First Thing Today: Wet Corn Creating Problems for Exporters

Posted on 11/22/2017 6:36 AM

Good morning!

Firmer tone overnight... Corn futures are fractionally higher after a quiet overnight session. Soybeans faced pressure early in the overnight session, but most contracts are currently trading 4 cents higher. Winter wheat futures are up 1 to 2 cents, while spring wheat futures are narrowly mixed. The U.S. dollar index is marginally lower, while crude oil futures are posting solid gains.

Wet corn creating problems for exporters... Rains and cool temperatures this fall prevented later-planted corn from drying down, which is boosting premiums for dry grain and upping costs for exporters that are struggling to compete against Argentine supplies. In addition, the massive crop size means some farmers have used up all their storage and have nowhere to dry their corn. As a result, basis bids at the Gulf have climbed 17 cents over the past month, keeping U.S. prices a bit more expensive than Argentine supplies. According to Reuters data, U.S. cargoes are priced around $156 per MT versus $155 per MT for Argentine corn.

USTR issues NAFTA 2.0 warning... U.S. Trade Representative (USTR) Robert Lighthizer said Canada and Mexico are not responding seriously to U.S. proposals to renegotiate the North American Free Trade Agreement (NAFTA) and warned that if the two countries don't change their tactics, "We will not reach a satisfactory result." The three countries ended a fifth negotiating round without major breakthroughs. "I hope our partners will come to the table in a serious way so we can see meaningful progress before the end of the year," he added. Canadian and Mexican officials placed blame on the U.S. for putting forth a list of proposals that they said would weaken the pact, and would move its long-time focus away from the accord's initial intention to integrate trade between the three nations. The three countries have agreed to keep negotiating until the end of March.

New TPP deal could be signed without Canada... That's what Sankei newspaper reports, which said Japan wants an agreement as soon as possible and may look to move ahead without Ottawa. Canada's leader, Justin Trudeau, has always stopped short of full support for the pact and often declares that his government is almost entirely preoccupied by ongoing NAFTA 2.0 talks.

Border wall funding included in Senate spending bill... The Senate Appropriations Committee's fiscal 2018 spending bill for the Homeland Security Department (DHS) includes $1.6 billion to begin building President Donald Trump's wall on the U.S./Mexico border. The draft bill, released by the committee Tuesday, would provide DHS with $1.6 billion that Trump requested in March to construct a wall along 74 miles of the border near San Diego and in southern Texas.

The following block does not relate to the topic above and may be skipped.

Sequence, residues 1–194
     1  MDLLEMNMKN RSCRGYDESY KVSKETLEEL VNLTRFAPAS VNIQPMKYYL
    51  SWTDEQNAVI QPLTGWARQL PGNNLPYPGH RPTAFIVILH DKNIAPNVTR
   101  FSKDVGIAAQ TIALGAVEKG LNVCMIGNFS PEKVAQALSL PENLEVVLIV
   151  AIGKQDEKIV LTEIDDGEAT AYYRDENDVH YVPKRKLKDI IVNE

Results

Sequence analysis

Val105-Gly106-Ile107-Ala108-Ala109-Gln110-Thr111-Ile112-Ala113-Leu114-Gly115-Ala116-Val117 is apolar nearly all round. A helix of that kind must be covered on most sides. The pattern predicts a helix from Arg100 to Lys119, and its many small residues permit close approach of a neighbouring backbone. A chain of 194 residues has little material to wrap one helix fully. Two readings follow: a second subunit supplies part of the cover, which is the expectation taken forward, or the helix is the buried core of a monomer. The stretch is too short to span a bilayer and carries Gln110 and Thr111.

Aggressive expansion in hog production expected for northeast China... China is working to crack down on pollution in its farm sector, forcing out many small pork producers and making way for huge mega hog farms. At least eight listed companies have announced or confirmed plans build new facilities in the northeast that will produce around 17 million pigs each year, with many other companies moving forward with similar plans. Some researchers say the northeast region's hog output will likely surge from 69 million head annually to 120 million pigs each year. "In the next few years, almost 20% of China's hogs will be transferred to new territory. That's equivalent to the number slaughtered in the U.S. annually," notes Feng Yonghui, chief analyst at consultancy Soozhu.com. This region of the country is more sparsely populated, making it attractive for huge operations, despite its colder temperatures.

Industry group optimistic Russia will lift its ban on Brazilian pork and beef soon... ABPA, a Brazilian poultry and pork industry group, says it expects Russia to reverse its temporary ban on beef and pork imports from the country soon. Earlier this week, Russia announced it would temporarily restrict imports of these meats from Brazil because ractopamine was found in some shipments. Brazil's ag ministry has requested lab evidence and documentation proving Russia truly found ractopamine in a shipment. The ministry also noted it had not been formally notified of the ban. ABPA estimates Russia accounted for 41% of Brazil's total pork shipments through September, while the beef industry group Abiec says Russia has accounted for 11% of its beef trade volume through October.

Cash cattle trade picks up at steady to slightly lower prices… Cash cattle trade got underway in Kansas and Texas yesterday around $118, down a buck from last week, with Nebraska seeing trade at steady prices around $119. This represented less of a drop than traders feared, sparking short-covering in the market as traders readied positions for a Thanksgiving break from trade. Also encouraging, Choice boxed beef prices surged $2.45 yesterday and movement was impressive at 178 loads.

Average hog weights slip in the Iowa/southern Minnesota market… Average hog weights slipped 0.1 lbs. the week ending Nov. 18 to 284.5 lbs. in the Iowa/southern Minnesota market, which was an encouraging shift from higher weights in recent weeks. But weights could very well creep up in next week's update due to Thanksgiving downtime. And weights are still up 4 lbs. from year-ago. Also of note, USDA will release its monthly update on the amount of pork in cold storage during market hours today.

Overnight demand news... Japan says it will import 380 MT of feed wheat and 7,560 MT of feed barley via a simultaneous buy and sell auction. Turkey issued a series of tenders to buy 96,000 MT of animal feed corn. The country also purchased around 48,000 MT of feed barley in a tender.

Today's reports:

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